Structured Communication

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One-on-Ones: Where Ideas Are Generated

One-on-one meetings are a powerful tool for integrators as well as management. They allow the interviewer to reinforce company culture, to identify issues before they become problems, and to recognize potential leaders, among a myriad of other benefits.
One-on-ones don’t necessarily need to be performance reviews or official status reports. They can simply offer an opportunity to catch up with an employee and see how they’re doing. They also provide a chance for the employee to share any ideas with the manager that can be brought to the Ideas Meeting.
At the beginning of the Business Integration process, one-on-ones allow the Integrator to get to know the staff and identify any potential leaders. It’s an invaluable resources for learning the ins and outs of the company.
One of the main goals of a one-on-one is for a manager to see how their employee is doing at their job. The manager should prepare some notes about the employee’ performance ahead of time. Make sure to mention where the employee is excelling and where they might be able to improve.
The manager should also be receptive to receiving ideas from the employee. The manager is the front line for establishing this aspect of the company culture. Whether the manager decides the idea is good or not, they should commend the employee for bringing the idea to the table.
"Workers become more engaged when they see their ideas being used. And managers, seeing the impact of employees’ ideas, give employees more authority— which leads to more and better ideas,” according to the Harvard Business Review. In fact, should be read by every manager under the Snowball umbrella.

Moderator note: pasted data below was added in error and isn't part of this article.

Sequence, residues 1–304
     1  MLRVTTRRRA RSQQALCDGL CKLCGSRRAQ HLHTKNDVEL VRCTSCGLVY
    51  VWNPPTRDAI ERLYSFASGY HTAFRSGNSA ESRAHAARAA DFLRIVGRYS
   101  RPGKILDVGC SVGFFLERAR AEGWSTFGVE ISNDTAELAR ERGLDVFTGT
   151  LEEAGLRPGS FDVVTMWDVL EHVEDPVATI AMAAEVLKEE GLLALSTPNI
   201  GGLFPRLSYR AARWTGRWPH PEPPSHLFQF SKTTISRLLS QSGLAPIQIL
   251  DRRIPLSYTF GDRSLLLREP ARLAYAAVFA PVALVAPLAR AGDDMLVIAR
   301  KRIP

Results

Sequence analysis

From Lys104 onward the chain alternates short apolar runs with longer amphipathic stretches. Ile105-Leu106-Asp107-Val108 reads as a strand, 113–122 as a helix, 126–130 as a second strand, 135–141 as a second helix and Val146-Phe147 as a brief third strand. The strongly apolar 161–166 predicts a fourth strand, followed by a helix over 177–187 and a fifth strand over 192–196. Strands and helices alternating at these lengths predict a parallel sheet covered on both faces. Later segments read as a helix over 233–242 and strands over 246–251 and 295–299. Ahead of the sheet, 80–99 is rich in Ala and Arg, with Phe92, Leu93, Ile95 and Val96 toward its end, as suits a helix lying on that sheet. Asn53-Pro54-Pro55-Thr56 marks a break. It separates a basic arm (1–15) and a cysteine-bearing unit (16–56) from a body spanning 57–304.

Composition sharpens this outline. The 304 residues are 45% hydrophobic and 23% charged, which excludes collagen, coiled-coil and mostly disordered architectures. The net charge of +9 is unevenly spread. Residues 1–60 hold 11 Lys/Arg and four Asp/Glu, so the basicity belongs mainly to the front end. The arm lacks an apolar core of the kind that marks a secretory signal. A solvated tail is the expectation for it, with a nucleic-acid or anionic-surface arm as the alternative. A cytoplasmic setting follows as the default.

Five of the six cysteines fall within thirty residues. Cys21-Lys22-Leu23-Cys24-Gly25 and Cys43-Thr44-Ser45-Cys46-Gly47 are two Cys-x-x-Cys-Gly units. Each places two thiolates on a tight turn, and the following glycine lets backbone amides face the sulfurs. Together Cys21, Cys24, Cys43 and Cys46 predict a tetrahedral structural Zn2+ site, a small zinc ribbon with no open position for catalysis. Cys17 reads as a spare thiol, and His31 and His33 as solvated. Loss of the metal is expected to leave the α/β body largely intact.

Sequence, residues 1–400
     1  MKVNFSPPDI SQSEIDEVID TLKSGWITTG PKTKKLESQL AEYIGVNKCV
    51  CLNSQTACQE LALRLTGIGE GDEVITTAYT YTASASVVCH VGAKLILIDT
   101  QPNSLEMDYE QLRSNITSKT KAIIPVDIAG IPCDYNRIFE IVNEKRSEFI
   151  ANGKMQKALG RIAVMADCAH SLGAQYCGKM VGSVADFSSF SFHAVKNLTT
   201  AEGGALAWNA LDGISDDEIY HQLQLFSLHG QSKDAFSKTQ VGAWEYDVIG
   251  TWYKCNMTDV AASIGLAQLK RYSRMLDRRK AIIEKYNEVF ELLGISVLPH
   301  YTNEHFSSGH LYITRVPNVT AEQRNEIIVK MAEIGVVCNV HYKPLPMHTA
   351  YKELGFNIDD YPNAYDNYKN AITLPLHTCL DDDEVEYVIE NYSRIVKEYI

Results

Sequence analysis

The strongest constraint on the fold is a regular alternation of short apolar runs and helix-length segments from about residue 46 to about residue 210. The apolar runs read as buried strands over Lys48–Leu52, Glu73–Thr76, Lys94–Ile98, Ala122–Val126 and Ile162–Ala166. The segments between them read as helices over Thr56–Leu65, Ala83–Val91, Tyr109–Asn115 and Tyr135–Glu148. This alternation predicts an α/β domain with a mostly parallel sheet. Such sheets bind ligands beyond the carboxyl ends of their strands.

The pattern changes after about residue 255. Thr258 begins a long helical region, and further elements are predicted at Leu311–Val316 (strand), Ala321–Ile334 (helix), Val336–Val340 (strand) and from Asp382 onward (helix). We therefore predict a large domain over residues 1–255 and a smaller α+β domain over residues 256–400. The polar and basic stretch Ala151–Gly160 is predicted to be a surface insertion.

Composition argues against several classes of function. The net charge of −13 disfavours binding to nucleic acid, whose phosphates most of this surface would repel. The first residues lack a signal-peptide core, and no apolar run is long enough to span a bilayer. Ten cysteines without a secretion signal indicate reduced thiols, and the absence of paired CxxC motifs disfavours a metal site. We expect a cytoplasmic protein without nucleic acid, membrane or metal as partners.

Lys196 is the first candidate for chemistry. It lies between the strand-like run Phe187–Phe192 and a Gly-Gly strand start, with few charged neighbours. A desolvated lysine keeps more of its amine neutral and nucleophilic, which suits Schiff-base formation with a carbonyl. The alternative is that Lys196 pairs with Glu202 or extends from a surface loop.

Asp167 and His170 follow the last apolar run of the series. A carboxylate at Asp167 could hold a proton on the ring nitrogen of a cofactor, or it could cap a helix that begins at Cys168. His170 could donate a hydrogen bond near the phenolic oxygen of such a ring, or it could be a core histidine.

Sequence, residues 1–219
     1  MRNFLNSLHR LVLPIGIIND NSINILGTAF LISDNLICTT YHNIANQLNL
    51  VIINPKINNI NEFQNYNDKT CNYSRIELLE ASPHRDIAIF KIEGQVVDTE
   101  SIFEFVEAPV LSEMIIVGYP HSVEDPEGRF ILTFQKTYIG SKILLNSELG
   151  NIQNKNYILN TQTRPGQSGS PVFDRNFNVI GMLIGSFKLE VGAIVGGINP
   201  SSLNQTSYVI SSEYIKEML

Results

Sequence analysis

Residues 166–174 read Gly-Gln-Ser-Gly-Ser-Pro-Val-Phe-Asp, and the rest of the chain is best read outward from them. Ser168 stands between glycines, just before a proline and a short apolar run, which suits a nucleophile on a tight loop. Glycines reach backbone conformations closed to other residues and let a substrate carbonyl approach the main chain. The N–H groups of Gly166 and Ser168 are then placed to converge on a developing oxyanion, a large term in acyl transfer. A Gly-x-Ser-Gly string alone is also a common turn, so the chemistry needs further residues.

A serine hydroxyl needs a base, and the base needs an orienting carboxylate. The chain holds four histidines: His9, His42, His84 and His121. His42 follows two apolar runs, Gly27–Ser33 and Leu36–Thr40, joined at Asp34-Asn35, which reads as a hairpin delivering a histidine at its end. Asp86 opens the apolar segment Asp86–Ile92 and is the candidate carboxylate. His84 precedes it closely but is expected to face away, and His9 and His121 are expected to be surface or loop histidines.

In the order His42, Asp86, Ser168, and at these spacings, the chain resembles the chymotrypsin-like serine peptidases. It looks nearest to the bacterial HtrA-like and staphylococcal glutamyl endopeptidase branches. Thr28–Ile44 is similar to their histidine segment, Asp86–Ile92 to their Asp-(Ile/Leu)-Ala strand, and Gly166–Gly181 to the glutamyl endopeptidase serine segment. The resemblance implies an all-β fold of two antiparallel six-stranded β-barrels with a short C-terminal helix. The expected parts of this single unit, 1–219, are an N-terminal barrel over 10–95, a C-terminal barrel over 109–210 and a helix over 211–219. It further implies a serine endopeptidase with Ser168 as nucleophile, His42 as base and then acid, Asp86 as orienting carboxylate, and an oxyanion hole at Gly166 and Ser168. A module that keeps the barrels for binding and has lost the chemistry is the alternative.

At its most basic, a culture where ideas flow from the bottom up creates a competitive advantage. When the leadership team is thinking about ideas, they’re generally focused on big-picture concepts. But if you’re able to generate ideas from people who work directly with customers, you’ll see that the customer experience improves. If you’re able to implement ten ideas per year that each have a 5 percent improvement for the company, that’s a 50 percent improvement.
Fleshing Out Ideas
If an employee brings an idea to a one-on-one meeting, the manager should work with them to flesh the idea out. Begin phrasing it as an outcome or solving a specific problem. “What does this idea fix?” or “what does this idea improve?”
Then ask these questions related to their suggested solution:
Does this affect the bottom line?
Does this improve quality of life?
Does this simplify an existing role?
Does this exemplify one of our core values?

Then, try and come up with alternative ideas. Every idea should have an alternative idea. Go through the strengths and weaknesses for the employee’s original idea as well as the alternative idea. What are the strengths of the alternative versus the primary? What are the strengths of the primary versus the alternative? What are the weaknesses?
Use that information to try and come up with a third option that takes the strengths from both and gets rid of the weaknesses. The manager can then take that idea to the Ideas Meeting.
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